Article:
Assessment for Students with DisabilitiesTechnical Report 1 June 2010PAD IUsing Evidence-Centered Design andUniversal Design for Learning to DesignScience Assessment Tasks for Studentswith DisabilitiesProject: Principled Science Assessment Designs for Studentswith DisabilitiesGeneva Haertel, AngelaHaydelDeBarger, Britte Cheng, Jose Blackorby, Harold Javitz,RobertMislevyLiliana Ructtinger, andUniversityEric Snow,SRI Internationalof MarylandRobert J. Mislevy and Ting Zhang, University of MarylandElizabeth Murray, Jenna Gravel and David Rose, Center for Applied Special TechnologyAlexis Mitman Colker, Independent ConsultantEric G. Hansen, Educational Testing ServiceReport Series Published by SRI International

SRI InternationalCenter for Technology in Learning333 Ravenswood AvenueMenlo Park, CA cal Report Series EditorsAlexis Mitman Colker, Ph.D., Project ConsultantGeneva D. Haertel, Ph.D., Co-Principal InvestigatorRobert Mislevy, Ph.D., Co-Principal InvestigatorRon Fried, Documentation DesignerCopyright 2010 SRI International. All Rights Reserved.

ASSESSMENT FOR STUDENTS WITH DISABILITIESTECHNICAL REPORT 1Using Evidence-Centered Design and UniversalDesign for Learning to Design Science AssessmentTasks for Students with DisabilitiesJune 2010Prepared by:Geneva Haertel, Angela DeBarger, Britte Cheng, Jose Blackorby,Harold Javitz, Liliana Ructtinger, & Eric SnowSRI InternationalRobert J. Mislevy & Ting ZhangUniversity of MarylandElizabeth Murray, Jenna Gravel, & David RoseCAST, Inc.Alexis Mitman ColkerIndependent ConsultantEric G. HansenEducational Testing ServiceAcknowledgmentsThis material is based on work supported by the Institute of Educational Sciences, Department of Education underGrant R324A070035 (Principled Assessment Designs for Students with Disabilities).DisclaimerAny opinions, findings, and conclusions or recommendations expressed in this material are those of the authors anddo not necessarily reflect the views of IES.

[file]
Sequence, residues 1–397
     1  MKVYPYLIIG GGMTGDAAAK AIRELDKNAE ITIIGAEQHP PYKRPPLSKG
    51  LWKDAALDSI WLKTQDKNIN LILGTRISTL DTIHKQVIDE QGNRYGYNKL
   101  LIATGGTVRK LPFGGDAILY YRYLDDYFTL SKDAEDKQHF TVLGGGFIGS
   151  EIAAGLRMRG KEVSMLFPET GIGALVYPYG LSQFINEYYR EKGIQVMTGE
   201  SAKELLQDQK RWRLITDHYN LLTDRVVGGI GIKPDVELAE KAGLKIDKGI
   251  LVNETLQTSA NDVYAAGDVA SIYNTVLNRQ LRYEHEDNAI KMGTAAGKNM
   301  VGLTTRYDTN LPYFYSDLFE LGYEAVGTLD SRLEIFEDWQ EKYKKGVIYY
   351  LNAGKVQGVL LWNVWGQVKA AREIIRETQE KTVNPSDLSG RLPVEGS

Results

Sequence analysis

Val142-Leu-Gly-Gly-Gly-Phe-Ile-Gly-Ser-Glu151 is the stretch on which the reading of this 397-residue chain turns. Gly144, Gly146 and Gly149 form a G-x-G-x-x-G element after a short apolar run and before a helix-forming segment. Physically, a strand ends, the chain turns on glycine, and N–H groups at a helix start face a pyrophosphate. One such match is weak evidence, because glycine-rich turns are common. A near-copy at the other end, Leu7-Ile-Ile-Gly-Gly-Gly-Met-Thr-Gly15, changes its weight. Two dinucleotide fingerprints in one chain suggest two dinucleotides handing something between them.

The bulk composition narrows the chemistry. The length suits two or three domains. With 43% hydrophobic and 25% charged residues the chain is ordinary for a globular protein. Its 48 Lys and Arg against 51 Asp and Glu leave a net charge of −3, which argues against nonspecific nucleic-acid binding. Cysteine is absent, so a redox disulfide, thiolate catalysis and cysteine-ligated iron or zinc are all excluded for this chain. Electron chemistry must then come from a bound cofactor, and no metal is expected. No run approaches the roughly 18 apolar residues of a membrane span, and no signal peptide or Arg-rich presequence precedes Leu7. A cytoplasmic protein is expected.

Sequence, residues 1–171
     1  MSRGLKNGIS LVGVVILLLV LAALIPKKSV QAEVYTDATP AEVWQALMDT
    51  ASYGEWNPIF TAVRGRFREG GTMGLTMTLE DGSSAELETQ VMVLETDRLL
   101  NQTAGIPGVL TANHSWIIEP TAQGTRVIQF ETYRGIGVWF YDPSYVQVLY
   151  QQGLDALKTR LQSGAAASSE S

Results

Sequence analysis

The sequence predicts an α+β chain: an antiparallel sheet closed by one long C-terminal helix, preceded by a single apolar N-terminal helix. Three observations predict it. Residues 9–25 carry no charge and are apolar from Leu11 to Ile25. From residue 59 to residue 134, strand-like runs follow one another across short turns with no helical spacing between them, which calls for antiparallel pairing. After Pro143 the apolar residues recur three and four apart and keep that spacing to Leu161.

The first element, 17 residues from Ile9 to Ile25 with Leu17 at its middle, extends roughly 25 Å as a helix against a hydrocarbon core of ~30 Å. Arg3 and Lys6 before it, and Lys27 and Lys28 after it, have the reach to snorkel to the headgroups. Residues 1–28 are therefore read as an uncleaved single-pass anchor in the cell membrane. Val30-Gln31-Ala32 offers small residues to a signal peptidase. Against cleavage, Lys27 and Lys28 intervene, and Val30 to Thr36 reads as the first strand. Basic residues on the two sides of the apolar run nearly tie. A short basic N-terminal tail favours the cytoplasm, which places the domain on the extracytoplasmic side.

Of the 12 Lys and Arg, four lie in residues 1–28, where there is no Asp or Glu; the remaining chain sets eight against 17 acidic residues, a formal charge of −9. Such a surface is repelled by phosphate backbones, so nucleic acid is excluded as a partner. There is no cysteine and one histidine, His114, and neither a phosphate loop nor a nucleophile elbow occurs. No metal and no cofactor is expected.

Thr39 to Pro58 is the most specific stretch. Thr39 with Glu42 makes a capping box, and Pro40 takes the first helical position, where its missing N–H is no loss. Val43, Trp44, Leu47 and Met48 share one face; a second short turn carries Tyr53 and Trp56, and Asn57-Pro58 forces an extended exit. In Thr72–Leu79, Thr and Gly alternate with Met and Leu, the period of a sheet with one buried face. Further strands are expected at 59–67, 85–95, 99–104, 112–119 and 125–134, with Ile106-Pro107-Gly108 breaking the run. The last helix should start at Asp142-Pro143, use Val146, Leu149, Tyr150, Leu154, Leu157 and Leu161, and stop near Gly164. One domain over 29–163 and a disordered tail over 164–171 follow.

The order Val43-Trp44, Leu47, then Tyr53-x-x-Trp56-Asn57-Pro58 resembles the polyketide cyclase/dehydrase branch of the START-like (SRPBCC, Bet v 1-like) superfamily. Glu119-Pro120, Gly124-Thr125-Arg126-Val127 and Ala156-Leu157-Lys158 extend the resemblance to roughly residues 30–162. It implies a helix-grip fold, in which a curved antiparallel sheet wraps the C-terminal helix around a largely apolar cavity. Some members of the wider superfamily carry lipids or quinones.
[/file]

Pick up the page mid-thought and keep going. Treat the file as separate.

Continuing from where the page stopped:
CONTENTSAbstractIII1.0Purpose12.0State of Science Assessment for Students with Disabilities2.1 Focus on Middle School Science2.2 NLTS2 Background2223.0Theoretical Frameworks3.1 Universal Design for Learning3.2 Evidence-Centered Design5564.0Integration of UDL and ECD in PADI Online Assessment Design System95.0Method5.1Infusing UDL in PADI Design Patterns5.1.1 Variable Feature Categories Derived from UDL Principles5.2Background on Design Patterns, Construct Validity, and SpecificAssessment Contexts5.3Examples of Task erences27Appendix A: Variable Features by UDL Category with Examples29I

LIST OF FIGURESFigure 1.Percentile Distribution of Scores on the WJ3 Science Concepts Subtest3Figure 2.Percentiles on the WJ3 Science Concepts Subtest by Disability Category4Figure 3.Design Pattern Template10Figure 4.Example Item 1: A Time-Distance Graph19Figure 5.Example Item 2: Features of Plant and Animal Cells22Figure 6.Example Item 3: The Boiling Points of two Beakers of Water24LIST OF TABLESTable 1.Design Space and Application Space Descriptors16II